Cardiac arrest is a serious medical emergency that occurs when the heart suddenly stops beating. While it often seems to strike without warning, research suggests that there may be subtle signs that could serve as potential warnings the day before an event. Paying attention to these signs and taking appropriate action could potentially save lives.
Cardiac arrest warning signs
Fully 50% of people who experienced a sudden cardiac arrest had a telling symptom 24 hours before, and these symptoms are different in men than women, a new study suggests. For women, the most prominent symptom of an impending sudden cardiac arrest is shortness of breath; for men, it is chest pain and pressure.
“Yes, warning symptoms are associated with cardiac arrest, and these symptoms are sex-specific,” says study author Dr. Sumeet Chugh. He is the chair in cardiac electrophysiology research and medical director of the Heart Rhythm Center in the department of cardiology at the Smidt Heart Institute of Cedars-Sinai in Los Angeles.
It’s been thought that cardiac arrest comes on without warning, which is why the overwhelming majority of people who experience it outside of a hospital die within minutes, but that may not be the case and identifying any warning signs can give folks a fighting chance, Chugh adds.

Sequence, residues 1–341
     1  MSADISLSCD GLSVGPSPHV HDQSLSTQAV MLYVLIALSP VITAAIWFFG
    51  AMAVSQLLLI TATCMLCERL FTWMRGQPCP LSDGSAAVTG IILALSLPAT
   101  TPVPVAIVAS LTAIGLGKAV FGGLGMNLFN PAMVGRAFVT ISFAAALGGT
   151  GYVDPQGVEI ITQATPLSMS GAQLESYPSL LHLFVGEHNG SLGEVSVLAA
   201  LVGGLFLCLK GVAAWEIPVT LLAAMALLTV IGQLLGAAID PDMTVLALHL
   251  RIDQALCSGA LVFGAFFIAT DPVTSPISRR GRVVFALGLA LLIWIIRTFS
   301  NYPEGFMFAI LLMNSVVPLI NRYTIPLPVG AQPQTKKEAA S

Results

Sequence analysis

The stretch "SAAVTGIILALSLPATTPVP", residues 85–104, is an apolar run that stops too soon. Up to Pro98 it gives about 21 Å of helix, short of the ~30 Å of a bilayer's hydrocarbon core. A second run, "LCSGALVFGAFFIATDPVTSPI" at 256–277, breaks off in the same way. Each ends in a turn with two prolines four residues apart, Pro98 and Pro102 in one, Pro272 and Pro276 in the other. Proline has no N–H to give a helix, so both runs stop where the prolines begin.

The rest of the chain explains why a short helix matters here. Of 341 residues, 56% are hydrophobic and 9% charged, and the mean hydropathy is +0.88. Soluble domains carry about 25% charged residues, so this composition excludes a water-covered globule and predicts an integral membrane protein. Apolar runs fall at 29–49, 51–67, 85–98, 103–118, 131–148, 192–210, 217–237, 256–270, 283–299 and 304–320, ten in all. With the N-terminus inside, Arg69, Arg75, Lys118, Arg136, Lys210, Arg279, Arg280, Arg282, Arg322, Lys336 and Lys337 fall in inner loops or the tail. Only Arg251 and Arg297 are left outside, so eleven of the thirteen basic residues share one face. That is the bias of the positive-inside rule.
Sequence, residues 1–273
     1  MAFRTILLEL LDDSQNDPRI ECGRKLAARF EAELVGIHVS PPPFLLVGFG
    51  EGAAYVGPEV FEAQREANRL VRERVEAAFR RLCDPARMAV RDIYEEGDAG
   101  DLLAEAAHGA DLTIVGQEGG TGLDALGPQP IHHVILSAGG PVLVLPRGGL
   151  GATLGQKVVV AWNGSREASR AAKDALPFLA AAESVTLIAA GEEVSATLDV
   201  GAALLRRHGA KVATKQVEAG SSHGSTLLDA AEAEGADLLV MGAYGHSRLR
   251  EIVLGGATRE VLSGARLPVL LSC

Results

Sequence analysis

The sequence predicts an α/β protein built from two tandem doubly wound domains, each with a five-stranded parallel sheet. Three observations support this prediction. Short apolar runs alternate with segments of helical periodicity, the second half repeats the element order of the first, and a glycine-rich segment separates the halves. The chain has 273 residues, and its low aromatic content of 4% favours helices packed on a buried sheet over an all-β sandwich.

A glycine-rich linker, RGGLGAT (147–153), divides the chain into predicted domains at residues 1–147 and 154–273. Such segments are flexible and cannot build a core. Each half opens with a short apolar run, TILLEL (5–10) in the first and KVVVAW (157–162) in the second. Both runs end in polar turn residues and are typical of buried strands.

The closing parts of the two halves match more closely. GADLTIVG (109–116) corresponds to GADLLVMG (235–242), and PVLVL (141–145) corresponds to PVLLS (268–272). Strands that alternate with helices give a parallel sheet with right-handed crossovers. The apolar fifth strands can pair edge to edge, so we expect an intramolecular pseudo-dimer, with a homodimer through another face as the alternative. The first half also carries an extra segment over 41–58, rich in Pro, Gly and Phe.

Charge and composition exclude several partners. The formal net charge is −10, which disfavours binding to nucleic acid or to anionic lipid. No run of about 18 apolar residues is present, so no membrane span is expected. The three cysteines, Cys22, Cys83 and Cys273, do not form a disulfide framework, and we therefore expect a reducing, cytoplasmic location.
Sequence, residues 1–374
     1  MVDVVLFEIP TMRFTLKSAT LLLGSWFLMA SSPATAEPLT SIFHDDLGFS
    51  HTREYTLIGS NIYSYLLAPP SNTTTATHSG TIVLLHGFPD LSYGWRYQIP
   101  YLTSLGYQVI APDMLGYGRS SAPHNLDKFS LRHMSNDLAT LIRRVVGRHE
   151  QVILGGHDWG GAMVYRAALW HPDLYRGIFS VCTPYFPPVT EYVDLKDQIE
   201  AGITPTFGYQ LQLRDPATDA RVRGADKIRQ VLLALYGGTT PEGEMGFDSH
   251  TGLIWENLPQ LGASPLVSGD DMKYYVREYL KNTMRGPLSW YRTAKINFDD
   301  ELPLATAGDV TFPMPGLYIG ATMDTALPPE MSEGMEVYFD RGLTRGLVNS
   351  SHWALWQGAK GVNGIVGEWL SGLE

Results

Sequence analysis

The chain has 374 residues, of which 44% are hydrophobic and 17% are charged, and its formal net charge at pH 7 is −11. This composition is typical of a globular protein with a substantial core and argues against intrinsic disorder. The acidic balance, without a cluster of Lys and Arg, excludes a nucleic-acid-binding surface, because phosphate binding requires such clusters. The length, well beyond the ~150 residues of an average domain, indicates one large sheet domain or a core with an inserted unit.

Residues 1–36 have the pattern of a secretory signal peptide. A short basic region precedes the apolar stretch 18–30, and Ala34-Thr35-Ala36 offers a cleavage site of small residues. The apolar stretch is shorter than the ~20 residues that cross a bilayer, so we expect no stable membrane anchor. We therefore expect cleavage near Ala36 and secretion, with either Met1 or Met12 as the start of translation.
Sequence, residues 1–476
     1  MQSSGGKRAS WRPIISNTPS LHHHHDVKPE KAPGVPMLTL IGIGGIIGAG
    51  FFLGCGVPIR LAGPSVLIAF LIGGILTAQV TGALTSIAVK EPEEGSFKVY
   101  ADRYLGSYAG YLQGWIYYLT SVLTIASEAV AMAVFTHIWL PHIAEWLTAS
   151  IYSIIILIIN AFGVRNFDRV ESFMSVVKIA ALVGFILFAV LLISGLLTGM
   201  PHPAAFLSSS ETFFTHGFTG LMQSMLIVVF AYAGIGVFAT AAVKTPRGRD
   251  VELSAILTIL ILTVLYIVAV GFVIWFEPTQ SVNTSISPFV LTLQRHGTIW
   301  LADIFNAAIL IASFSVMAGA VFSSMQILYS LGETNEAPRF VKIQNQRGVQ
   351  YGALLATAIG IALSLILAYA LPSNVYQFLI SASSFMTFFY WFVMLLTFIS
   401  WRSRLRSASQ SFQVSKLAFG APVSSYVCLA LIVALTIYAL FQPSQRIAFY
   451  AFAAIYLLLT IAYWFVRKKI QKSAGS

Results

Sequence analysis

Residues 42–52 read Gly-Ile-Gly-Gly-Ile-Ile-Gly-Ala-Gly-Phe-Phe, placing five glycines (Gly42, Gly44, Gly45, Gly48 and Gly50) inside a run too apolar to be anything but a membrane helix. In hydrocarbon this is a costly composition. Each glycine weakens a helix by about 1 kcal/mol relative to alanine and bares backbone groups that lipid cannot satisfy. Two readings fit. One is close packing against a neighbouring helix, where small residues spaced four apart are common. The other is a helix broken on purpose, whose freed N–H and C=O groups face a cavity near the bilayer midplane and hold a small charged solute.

When the researchers reviewed data from two community-based studies of people who experienced sudden cardiac arrest and compared their symptoms to those in people who sought emergency care but didn’t experience cardiac arrest, they found that 50% of people who had a sudden cardiac arrest experienced at least one telltale symptom the day before, namely chest pain in men and shortness of breath in women.
What’s more, smaller groups of men and women experienced palpitations, seizure-like activity and flu-like symptoms before they suffered cardiac arrest. One study took place in Ventura, Calif., and the other took place in Portland, Ore. And both yielded similar results.
Still, Chugh cautions that chest pain and shortness of breath can occur for other reasons and don’t necessarily mean a person is on the verge of cardiac arrest. However, when these occur in someone who also has high blood pressure, diabetes or underlying heart disease, they are more likely to be associated with cardiac arrest. In the future, apps or smart watches may further narrow down who is most at risk for sudden cardiac arrest, Chugh notes.
“We have to combine other features with warning symptoms to help people understand if they are likely experiencing a cardiac arrest and need help right away,” Chugh says.
Heeding any warning signs of cardiac arrest may help save a person’s life, according to Dr. Raman Mitra, director of the electrophysiology laboratory at North Shore University Hospital in Manhasset, N.Y.
“We think of sudden cardiac arrest as a person being perfectly fine and then collapsing, but there may be a way that we can identify these people earlier so that help can be alerted,” Mitra says. “If chest pain is new and associated with shortness of breath, heart palpitations, dizziness, passing out, sweating or nausea, seek medical attention.”
What causes cardiac arrest?
Typically caused by heart rhythm abnormalities, cardiac arrest occurs when the heart stops pumping. When this happens,